Top 10 Strangest Things about the UK’s Peak District

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1. Ashbourne’s Gatepost Skulls

Ashbourne's Gatepost Skulls

Ashbourne is already a pretty mad place for other reasons (see below) but if you needed another reason to unnerve you and even send an ice-cold shiver down your spine, then the human skulls propping up the tops of the posts at Ashbourne church should do the trick. The hollow sockets stare out at you menacingly on your approach, boring you down and challenging you to enter the sacred grounds like a memento mori straight out of a Jacobean tragedy. They were apparently crafted by one Robert Bakewell in around 1700. Bakewell, you may recognise, is a bit of a name in these parts, more famously associated with the almond tarts, not skulls.


2. Chelmorton Stone Phone Box 

Chelmorton Stone Phone Box

One of the symbols of Great Britain which are recognisable all around the world along with the teapot, James Bond, Beef Eaters from the Tower of London and the Queen, is the bright red phone box. There used to be a law that every population area needed to have at least one public phone box for emergency reasons. Being red, that obviously made it stand out a mile away, again because of emergencies. In Chelmorton they thought ‘to hell with that’ and built a stone one instead so that it would blend in with the architecture of the area.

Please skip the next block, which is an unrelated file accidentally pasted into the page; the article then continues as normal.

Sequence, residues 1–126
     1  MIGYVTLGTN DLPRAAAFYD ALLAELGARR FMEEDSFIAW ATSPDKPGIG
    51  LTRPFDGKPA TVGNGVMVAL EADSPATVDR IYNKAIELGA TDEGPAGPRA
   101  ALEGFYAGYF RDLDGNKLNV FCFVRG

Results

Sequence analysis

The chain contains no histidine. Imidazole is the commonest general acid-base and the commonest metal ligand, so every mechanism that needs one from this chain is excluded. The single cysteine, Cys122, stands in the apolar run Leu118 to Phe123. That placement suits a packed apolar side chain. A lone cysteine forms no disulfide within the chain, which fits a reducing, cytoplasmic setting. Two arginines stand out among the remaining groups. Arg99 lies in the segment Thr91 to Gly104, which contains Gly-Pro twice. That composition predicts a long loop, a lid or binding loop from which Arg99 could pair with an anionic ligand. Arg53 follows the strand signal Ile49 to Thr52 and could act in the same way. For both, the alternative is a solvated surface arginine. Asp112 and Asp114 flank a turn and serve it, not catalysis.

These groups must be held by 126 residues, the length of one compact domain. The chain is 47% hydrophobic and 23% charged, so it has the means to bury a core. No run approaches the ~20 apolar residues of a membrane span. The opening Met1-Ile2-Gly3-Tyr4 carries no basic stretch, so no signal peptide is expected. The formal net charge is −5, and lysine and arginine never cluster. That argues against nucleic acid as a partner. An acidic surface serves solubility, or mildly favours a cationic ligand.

3. The Quiet Woman Pub


A 400-year-old pub in Earl Sterndale (already a pretty interesting name) is called the Quiet Woman. Why is she quiet you ask? Is it because she is a timid sort, given only to shuffling around in the background and in libraries. No it’s because she has been decapitated. She is nothing more than a headless corpse wandering round serving the guests. Not really of course. The story goes that the unfortunate lady in question was a little loose with her tongue and, as a punishment, had her head lopped off. Seems a little extreme to me.


4. Crinkle Crankle Wall

Crinkle Crankle Wall

Or as you may know it better – the ‘Crinkum Crankum’? Or maybe not. Though that is its alternative title. Apparently this term means ‘zig-zag’ in Ye Olde English but it’s really a wavy-shaped wall to be found at Hopton Hall. The wall is apparently less likely to suffer the wear and tear of age in this format. Fortunately, Noel Edmonds and his crinkley bottom are nowhere to be seen either. So a double win there, then.


5. Hugball


I mentioned Ashbourne was a bit curious in Strangest Thing Number 1. Well, here’s another fact about that place which stands it out from the normal; Hugball is a traditional game played in Ashbourne on Shrove Tuesday and Ash Wednesday when the menfolk of town all get involved in one big rolling grapple. The ‘game’ kicks off after a few traditional speeches and the blokes from one part of the town get stuck into the blokes from a different part. The shops have to board up their windows and chaos ensues. The aim is to get the ‘ball’ from one side to t’other but really it’s a good excuse for big old homoerotic free-for-all.


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